Third Punic War

The Third Punic War (Latin: Tertium Bellum Punicum) (149–146 BC) was the third and last of the Punic Wars fought between the former Phoenician colony of Carthage and the Roman Republic. The Punic Wars were named because of the Roman name for Carthaginians: Punici, or Poenici.[6]

Third Punic War
Part of the Punic Wars

Catapulta by Edward Poynter. Roman siege engine in action during the siege of Carthage in the Third Punic War.
Date149–146 BC
(3 years)

Decisive Roman victory

  • Destruction of Carthage
Roman Republic Carthage
Commanders and leaders
Scipio Aemilianus
Manius Manilius
Lucius Marcius Censorius
Calpurnius Piso
Hasdrubal the Boeotarch
Himilco Phameas
80,000 infantry[1]
4,000 cavalry[1]
30,000 soldiers[2]
Casualties and losses
150,000[3]–250,000[4] killed,
50,000 survivors enslaved[5]

This war was a much smaller engagement than the two previous Punic Wars and focused on Tunisia, mainly on the Siege of Carthage, which resulted in the complete destruction of the city, the annexation of all remaining Carthaginian territory by Rome, and the death or enslavement of the entire Carthaginian population. The Third Punic War ended Carthage's independent existence, though the Punic language continued to be spoken in northern Africa until the 5th century AD.[7]


In the years between the Second and Third Punic War, Rome was engaged in the conquest of the Hellenistic empires and also of the Illyrian tribes to the east, and suppressing the Hispanian peoples in the west, although they had been essential to the Roman success in the Second Punic War. Carthage, stripped of allies and territory (Sicily, Sardinia, Hispania), was suffering under a large indemnity of 200 silver talents to be paid every year for 50 years.

According to Appian, the senator Cato the Elder usually finished his speeches on any subject in the Senate with the phrase ceterum censeo Carthaginem esse delendam, which means "Moreover, I am of the opinion that Carthage ought to be destroyed". Cicero attributed a similar statement to Cato in his dialogue De Senectute.[8] He was opposed by the senator Publius Cornelius Scipio Nasica Corculum, who favoured a different course that would not destroy Carthage, and who usually prevailed in the debates.

The peace treaty at the end of the Second Punic War required that all border disputes involving Carthage be arbitrated by the Roman Senate and required Carthage to get explicit Roman approval before going to war. As a result, in the 50 intervening years between the Second and Third Punic War, Carthage had to take all border disputes with Rome's ally Numidia to the Roman Senate, where they were decided almost exclusively in Numidian favour.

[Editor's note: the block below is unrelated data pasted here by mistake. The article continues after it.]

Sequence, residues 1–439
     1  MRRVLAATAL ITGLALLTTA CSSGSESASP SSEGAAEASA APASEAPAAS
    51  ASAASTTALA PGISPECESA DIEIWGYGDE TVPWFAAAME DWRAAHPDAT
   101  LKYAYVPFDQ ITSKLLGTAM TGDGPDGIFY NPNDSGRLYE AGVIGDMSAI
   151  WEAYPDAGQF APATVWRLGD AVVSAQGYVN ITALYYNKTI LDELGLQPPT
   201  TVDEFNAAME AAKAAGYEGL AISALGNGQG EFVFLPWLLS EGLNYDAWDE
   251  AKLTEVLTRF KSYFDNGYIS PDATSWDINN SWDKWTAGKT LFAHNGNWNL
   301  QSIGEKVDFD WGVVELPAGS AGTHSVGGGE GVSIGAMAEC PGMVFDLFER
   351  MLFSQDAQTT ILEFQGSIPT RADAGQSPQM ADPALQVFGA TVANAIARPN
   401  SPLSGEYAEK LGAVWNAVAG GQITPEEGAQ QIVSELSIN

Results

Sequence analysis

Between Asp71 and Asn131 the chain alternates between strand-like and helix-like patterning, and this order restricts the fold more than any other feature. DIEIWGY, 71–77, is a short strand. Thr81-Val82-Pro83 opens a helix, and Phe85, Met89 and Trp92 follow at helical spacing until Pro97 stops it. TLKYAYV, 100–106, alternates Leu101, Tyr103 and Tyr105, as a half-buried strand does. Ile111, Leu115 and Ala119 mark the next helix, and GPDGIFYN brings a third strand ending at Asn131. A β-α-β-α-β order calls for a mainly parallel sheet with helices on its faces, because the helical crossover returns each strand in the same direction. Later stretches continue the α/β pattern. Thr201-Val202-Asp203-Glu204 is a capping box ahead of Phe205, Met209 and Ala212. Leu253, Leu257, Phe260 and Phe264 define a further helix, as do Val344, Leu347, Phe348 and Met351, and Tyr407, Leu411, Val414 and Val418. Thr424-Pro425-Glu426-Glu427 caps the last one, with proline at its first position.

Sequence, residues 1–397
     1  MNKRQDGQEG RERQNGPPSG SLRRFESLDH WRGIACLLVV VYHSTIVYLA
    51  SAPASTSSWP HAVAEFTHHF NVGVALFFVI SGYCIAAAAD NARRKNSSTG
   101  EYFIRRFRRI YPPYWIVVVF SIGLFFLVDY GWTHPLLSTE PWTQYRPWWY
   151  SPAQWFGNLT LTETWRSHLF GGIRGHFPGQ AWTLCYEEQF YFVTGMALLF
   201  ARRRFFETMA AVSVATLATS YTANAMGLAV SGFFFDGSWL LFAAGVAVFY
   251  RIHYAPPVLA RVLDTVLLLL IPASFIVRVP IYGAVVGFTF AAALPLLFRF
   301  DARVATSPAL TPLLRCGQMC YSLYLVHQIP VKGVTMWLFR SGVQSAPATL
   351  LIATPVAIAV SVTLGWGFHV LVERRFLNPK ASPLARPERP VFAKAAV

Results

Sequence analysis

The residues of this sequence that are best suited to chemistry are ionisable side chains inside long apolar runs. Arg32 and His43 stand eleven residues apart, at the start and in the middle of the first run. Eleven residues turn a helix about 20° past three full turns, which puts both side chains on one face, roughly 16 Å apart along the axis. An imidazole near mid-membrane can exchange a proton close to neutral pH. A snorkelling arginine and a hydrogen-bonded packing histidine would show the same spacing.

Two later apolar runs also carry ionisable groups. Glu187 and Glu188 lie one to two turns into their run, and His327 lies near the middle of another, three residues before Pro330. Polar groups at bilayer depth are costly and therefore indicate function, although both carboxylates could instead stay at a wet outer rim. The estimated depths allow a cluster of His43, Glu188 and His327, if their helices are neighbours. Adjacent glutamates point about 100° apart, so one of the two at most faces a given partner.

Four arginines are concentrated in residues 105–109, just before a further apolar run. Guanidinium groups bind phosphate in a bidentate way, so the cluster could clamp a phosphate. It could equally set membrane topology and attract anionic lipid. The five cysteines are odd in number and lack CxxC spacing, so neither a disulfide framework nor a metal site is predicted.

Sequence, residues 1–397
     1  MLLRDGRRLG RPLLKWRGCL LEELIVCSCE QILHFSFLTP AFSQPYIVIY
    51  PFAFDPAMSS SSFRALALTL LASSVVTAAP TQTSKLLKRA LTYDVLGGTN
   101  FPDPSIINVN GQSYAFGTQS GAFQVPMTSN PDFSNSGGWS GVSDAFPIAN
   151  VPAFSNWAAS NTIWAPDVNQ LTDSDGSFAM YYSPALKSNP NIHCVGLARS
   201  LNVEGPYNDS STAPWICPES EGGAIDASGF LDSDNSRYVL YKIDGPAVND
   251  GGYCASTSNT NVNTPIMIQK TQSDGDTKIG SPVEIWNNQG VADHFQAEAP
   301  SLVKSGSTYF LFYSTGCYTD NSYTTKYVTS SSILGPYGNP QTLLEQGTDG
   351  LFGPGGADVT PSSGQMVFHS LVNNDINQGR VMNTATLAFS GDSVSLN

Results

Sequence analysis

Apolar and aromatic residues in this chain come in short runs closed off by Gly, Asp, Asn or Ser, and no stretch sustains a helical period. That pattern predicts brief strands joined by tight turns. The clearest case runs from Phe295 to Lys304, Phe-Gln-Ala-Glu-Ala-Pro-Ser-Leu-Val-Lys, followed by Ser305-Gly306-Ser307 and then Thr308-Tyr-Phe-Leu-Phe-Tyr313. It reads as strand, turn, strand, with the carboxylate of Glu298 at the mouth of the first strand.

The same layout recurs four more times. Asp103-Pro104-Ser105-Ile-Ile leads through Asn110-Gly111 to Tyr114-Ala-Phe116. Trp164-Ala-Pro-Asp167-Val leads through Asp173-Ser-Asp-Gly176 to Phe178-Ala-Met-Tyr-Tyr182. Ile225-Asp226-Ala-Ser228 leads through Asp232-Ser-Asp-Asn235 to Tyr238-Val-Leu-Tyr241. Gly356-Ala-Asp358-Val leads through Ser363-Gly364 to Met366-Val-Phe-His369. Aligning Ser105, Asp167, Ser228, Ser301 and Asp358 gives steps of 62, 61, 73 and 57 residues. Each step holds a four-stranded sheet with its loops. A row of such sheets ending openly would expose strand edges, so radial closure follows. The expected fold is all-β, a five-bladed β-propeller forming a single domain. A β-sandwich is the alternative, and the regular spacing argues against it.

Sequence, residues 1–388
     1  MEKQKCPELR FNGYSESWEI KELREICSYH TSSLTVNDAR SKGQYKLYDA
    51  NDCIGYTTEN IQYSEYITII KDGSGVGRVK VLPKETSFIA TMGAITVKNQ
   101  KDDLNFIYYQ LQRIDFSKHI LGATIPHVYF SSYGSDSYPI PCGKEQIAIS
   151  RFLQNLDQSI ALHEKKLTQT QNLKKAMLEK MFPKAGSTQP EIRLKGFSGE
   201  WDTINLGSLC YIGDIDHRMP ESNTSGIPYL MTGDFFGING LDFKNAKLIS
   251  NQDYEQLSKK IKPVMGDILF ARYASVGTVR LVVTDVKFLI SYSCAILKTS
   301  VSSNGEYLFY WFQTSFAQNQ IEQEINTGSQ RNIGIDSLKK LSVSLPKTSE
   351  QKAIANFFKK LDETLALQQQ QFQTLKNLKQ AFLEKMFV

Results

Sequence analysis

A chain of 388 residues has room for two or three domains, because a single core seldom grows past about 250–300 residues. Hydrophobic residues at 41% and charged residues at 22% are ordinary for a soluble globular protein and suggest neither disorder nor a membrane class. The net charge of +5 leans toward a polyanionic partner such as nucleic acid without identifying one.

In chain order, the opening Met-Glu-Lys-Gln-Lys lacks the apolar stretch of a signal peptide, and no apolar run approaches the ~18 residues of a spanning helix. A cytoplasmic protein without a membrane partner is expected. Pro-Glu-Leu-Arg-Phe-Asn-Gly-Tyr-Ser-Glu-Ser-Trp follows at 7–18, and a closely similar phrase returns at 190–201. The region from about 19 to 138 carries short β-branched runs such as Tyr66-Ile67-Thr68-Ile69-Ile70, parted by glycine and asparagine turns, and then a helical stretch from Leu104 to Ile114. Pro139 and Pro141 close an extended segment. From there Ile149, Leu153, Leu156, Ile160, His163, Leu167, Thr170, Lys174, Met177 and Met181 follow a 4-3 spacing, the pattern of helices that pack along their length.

In 151 BC, the Carthaginian debt to Rome was fully repaid, meaning that, in Punic eyes, the treaty was now expired,[9][10] though not so according to the Romans, who instead viewed the treaty as a permanent declaration of Carthaginian subordination to Rome akin to the Roman treaties with its Italian allies. Moreover, the retirement of the indemnity removed one of the main incentives the Romans had to keep the peace with Carthage – there were no further payments that might be interrupted.

The Romans had other reasons to conquer Carthage and her remaining territories.[10][11][12] By the middle of the 2nd century BC, the population of the city of Rome was about 400,000 and rising. Feeding the growing populace was becoming a major challenge. The farmlands surrounding Carthage represented the most productive, most accessible and perhaps the most easily obtainable agricultural lands not yet under Roman control.

Course of the war

In 151 BC Numidia launched another border raid on Carthaginian soil, besieging the Punic town of Oroscopa, and Carthage launched a large military expedition (25,000 soldiers) to repel the Numidian invaders. As a result, Carthage suffered a military defeat and was charged with another fifty year debt to Numidia. Immediately thereafter, however, Rome showed displeasure with Carthage's decision to wage war against its neighbour without Roman consent, and told Carthage that in order to avoid a war it had to “satisfy the Roman People.”

In 149 BC, Rome declared war against Carthage.[13] The Carthaginians made a series of attempts to appease Rome, and received a promise that if three hundred children of well-born Carthaginians were sent as hostages to Rome the Carthaginians would keep the rights to their land and self-government. Even after this was done the allied Punic city of Utica defected to Rome, and a Roman army of 80,000 men gathered there.[14] The consuls then demanded that Carthage hand over all weapons and armor. After those had been handed over, Rome additionally demanded that the Carthaginians move at least 16 kilometres inland, while the city was to be burned. When the Carthaginians learned of this, they abandoned negotiations and the city was immediately besieged, beginning the Third Punic War.

After the main Roman expedition landed at Utica, consuls Manius Manilius and Lucius Marcius Censorius launched a two-pronged attack on Carthage, but were eventually repulsed by the army of the Carthaginian Generals Hasdrubal the Boeotarch and Himilco Phameas. Censorius lost more than 500 men when they were surprised by the Carthaginian cavalry while collecting timber around the Lake of Tunis.[15] A worse disaster fell upon the Romans when their fleet was set ablaze by fire ships which the Carthaginians released upwind.[16] Manilius was replaced by consul Calpurnius Piso Caesonius in 149 after a severe defeat of the Roman army at Nepheris, a Carthaginian stronghold south of the city. Scipio Aemilianus's intervention saved four cohorts trapped in a ravine.[17] Nepheris eventually fell to Scipio in the winter of 147–146.[18] In the autumn of 148, Piso was beaten back while attempting to storm the city of Aspis, near Cape Bon. Undeterred, he laid siege to the town of Hippagreta in the north, but his army was unable to defeat the Punics there before winter and had to retreat.[19] When news of these setbacks reached Rome, he was replaced as consul by Scipio Aemilianus.[20]